Antiquity Ministry denies selling monument to Abu Dhabi



Tue, 19 Sep 2017 - 05:28 GMT


Tue, 19 Sep 2017 - 05:28 GMT

Exterior view of the New Louvre museum - Flickr

Exterior view of the New Louvre museum - Flickr

CAIRO – 19 September 2017: The Ministry of Antiquities has denied social media reports claiming that some Pharaonic monuments were sold to be exhibited at Louvre Museum in Abu Dhabi, the cabinet's Information and Decision Support Center reported. The ministry emphasized its total keenness to protect all of the Egyptian monuments and ancient heritage spanning over thousands of years, which attest to the historical significance of such immortal monuments.

“If Abu Dhabi has exhibited Egyptian monuments, they would have been from the antiquities obtained at Louvre Museum in Paris, as there is an agreement between the two museums that Louvre Museum in Abu Dhabi is subordinated to the one in Paris, which would therefore be legal according to the law,” the ministry added.

Any pieces of Egyptian antiquities that were taken away from the country before the issuance of the Antiquities Protection Law No 117 of 1983 might be exhibited in international museums in a legal matter, as antiquities dealing was once lawful according to the once applicable international laws, the ministry reported.

The ministry welcomes holding any outdoor temporary exhibitions in collaboration with Arab or foreign countries as long as there are good political and diplomatic ties, as such exhibitions are of great benefit for Egypt and the hosting country. The ministry has always been encouraging other countries to hold exhibitions pursuant to law, while taking all precautions and safety requirements that ensure getting the antiquities back safely to Egypt.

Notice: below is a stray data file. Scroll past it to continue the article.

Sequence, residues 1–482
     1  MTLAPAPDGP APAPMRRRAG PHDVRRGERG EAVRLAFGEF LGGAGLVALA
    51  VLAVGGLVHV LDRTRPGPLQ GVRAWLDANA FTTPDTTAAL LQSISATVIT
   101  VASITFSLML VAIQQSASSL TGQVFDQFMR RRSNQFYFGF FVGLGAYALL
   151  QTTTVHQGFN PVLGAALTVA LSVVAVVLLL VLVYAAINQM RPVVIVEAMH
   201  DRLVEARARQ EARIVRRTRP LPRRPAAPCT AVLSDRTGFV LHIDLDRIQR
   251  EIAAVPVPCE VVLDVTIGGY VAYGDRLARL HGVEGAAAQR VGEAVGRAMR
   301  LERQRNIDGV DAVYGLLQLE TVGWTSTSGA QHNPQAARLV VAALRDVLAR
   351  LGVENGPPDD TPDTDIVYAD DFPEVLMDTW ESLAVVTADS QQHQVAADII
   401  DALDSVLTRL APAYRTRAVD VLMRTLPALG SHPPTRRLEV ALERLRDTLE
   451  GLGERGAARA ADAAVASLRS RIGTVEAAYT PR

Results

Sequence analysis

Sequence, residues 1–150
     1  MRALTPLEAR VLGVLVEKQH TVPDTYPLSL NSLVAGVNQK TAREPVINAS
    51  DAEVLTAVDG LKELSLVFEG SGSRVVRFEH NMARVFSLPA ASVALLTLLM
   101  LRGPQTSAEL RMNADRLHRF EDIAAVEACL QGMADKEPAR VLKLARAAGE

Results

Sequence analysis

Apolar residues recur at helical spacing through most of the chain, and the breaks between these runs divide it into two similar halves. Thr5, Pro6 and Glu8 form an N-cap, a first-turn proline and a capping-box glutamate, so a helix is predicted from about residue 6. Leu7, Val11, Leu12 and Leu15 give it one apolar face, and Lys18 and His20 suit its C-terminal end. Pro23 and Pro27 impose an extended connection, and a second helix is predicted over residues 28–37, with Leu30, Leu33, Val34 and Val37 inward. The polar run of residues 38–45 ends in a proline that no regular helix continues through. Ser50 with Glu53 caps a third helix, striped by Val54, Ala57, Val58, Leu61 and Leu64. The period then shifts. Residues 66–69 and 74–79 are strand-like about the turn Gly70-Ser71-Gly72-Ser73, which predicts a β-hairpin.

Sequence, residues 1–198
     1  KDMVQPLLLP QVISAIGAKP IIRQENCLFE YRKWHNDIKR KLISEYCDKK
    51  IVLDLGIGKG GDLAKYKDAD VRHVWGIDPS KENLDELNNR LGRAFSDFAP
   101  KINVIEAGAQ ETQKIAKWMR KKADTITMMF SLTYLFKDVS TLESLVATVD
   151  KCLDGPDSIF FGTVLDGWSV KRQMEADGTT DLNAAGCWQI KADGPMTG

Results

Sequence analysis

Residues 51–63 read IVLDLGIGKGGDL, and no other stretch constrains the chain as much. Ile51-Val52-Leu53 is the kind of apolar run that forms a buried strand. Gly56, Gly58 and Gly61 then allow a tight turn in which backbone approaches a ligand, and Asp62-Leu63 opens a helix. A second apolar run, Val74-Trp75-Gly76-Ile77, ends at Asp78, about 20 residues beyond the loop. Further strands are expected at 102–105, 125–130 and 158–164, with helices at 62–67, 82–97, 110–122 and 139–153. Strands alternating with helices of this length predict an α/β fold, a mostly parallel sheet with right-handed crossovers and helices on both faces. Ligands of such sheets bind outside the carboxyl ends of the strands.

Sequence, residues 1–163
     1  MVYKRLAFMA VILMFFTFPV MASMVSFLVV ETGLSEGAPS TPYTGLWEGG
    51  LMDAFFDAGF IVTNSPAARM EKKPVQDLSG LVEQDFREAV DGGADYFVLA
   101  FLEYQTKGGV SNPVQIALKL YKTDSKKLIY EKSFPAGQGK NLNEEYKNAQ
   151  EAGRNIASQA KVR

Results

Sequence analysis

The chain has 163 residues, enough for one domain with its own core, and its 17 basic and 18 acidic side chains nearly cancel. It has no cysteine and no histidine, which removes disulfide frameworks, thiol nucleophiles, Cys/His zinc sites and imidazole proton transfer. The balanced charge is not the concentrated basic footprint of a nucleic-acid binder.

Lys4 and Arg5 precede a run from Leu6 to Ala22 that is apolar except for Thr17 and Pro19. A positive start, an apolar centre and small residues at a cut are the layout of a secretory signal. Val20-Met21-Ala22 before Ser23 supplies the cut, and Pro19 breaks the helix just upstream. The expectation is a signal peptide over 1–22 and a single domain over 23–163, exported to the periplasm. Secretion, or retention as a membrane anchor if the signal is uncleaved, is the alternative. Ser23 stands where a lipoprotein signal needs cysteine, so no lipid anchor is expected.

Egyptian monuments, including vessels, masks, exhibited at Louvre Museum In Paris - File Photo

Louvre Museum in Paris is one of the most visited destinations for tourists around the world. The museum has a great deal of monuments from many ancient civilizations. It has approximately 9,000 pieces of ancient Egyptian antiquities that were discovered during the French invasion of Egypt under the emperor Napoleon Bonaparte, who assigned Chameleon, the discoverer of the Rosetta stone, to study the ancient history of Egypt.

Egyptian monuments exhibited at Louvre Museum In Paris - File Photo

The Egyptian antiquities, including statues, sculptures, golden vessels and many stuffed pieces, are currently displayed in the museum, where there is a Department of Oriental and Ancient Egypt and the Greek and Roman civilizations.



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